When disasters happen scientists pretty much have a duty to try to understand what happened and why, and to try to learn the lessons. This week the catastophist Gordon Woo of Risk Management Solutions gave a seminar here at the Cabot Institute and suggested that the question that we should really ask is not "why did this happen?" but "why did this not happen before?". This is also one of the ideas that emerged from a recent exercise that we undertook to try to understand the recent events at the Fukushima nuclear power plant in Japan. The range of skills available within Cabot allowed us to take a fundamentally holistic approach to the analysis that wouldn't have been possible for any single individual. The results of the analysis are here, but two main points emerge.
First, there is the need to tackle is "chained" or "cascaded" hazards, which, as very low probability events, have traditionally been treated as independent random events and hence have too low a likelihood of coinciding together. There may be hidden dependencies, which are not always either obvious or intuitive, requiring careful analysis to tease out or recognise. This is particularly the case for complex infrastructure like nuclear power stations.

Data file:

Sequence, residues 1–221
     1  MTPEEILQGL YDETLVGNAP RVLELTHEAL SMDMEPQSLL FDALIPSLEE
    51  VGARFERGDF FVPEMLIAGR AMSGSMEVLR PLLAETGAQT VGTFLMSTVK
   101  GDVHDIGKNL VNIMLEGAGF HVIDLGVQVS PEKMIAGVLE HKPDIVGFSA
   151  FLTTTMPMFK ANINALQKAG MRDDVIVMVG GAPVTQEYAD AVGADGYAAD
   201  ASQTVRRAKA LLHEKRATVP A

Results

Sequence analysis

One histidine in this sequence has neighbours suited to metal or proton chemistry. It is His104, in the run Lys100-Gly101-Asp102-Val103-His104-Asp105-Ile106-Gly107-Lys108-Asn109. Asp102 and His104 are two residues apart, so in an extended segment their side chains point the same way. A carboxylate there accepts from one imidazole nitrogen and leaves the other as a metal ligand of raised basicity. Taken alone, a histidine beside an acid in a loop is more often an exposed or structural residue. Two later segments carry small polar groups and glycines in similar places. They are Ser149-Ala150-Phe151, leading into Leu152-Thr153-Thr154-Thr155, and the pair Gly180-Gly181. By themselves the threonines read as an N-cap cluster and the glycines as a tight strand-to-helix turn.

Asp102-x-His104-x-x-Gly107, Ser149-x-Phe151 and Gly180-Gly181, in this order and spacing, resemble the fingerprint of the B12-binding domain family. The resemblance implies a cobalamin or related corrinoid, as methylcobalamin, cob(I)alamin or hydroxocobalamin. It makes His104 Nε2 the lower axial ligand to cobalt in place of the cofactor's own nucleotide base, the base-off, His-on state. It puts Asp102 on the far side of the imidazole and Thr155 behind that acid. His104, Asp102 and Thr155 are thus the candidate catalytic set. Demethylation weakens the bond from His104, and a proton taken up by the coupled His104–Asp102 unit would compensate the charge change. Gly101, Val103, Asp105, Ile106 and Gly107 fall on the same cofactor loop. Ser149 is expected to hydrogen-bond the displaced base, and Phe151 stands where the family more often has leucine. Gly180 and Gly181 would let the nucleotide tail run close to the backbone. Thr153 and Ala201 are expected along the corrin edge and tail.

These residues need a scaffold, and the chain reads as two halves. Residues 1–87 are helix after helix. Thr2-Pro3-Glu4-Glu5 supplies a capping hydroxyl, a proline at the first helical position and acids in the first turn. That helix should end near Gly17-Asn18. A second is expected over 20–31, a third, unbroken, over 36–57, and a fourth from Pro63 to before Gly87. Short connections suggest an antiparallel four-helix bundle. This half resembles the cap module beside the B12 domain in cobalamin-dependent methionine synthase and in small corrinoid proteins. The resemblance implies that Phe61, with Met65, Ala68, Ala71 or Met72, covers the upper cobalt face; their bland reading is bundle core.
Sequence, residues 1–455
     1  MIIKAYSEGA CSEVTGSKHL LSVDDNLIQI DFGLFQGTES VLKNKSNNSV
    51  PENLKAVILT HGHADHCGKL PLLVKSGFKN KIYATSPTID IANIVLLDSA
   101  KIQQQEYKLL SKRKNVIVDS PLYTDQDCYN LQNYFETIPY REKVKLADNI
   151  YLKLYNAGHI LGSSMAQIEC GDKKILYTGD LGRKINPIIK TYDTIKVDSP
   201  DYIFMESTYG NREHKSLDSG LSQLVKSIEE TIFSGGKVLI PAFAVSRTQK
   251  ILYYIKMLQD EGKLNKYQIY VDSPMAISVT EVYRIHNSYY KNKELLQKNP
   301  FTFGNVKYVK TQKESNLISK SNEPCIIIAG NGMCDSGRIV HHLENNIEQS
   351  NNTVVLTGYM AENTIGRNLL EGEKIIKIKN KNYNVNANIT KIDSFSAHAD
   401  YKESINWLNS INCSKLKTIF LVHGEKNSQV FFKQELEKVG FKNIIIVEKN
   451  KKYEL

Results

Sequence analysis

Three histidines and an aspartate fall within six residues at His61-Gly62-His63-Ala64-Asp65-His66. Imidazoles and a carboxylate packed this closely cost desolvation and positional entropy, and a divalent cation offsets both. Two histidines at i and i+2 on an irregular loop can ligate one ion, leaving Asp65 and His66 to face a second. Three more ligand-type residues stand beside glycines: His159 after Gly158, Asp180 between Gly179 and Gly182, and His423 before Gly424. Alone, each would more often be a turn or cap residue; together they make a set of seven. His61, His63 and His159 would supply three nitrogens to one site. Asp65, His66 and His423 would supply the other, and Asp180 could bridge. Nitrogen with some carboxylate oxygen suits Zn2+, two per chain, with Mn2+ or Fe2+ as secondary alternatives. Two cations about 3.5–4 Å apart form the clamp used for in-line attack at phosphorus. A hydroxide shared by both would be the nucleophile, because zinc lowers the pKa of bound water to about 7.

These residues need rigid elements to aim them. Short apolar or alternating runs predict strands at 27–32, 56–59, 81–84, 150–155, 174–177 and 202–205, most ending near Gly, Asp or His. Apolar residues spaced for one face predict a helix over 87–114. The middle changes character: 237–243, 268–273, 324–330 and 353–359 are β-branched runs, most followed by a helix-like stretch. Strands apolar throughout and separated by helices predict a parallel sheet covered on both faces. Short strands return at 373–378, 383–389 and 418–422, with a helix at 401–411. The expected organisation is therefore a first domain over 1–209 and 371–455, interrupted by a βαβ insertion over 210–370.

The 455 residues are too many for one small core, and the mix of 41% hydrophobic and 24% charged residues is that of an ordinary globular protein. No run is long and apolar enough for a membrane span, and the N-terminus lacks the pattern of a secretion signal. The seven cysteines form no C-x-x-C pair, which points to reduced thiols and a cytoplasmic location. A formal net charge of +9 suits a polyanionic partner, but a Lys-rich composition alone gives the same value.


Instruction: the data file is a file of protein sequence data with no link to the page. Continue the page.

Second, it is no longer adequate to rely on deterministic assessments of hazards and risks from natural hazards as these cannot account properly for uncertainty. Dealing with uncertainty requires a probabilistic analysis that looks at the full range of possible situations that may arise, not just a single one that a company or regulator has (perhaps somewhat arbitrarily) decided is the 'worst case'. Probabilistic approaches should now be regarded as mandatory, and application of rigorous, structured approaches to assessing risk are needed. Such assessments must include evaluation of all credible alternative models for natural processes, rather than just adopting particular models that happen to support inherited views.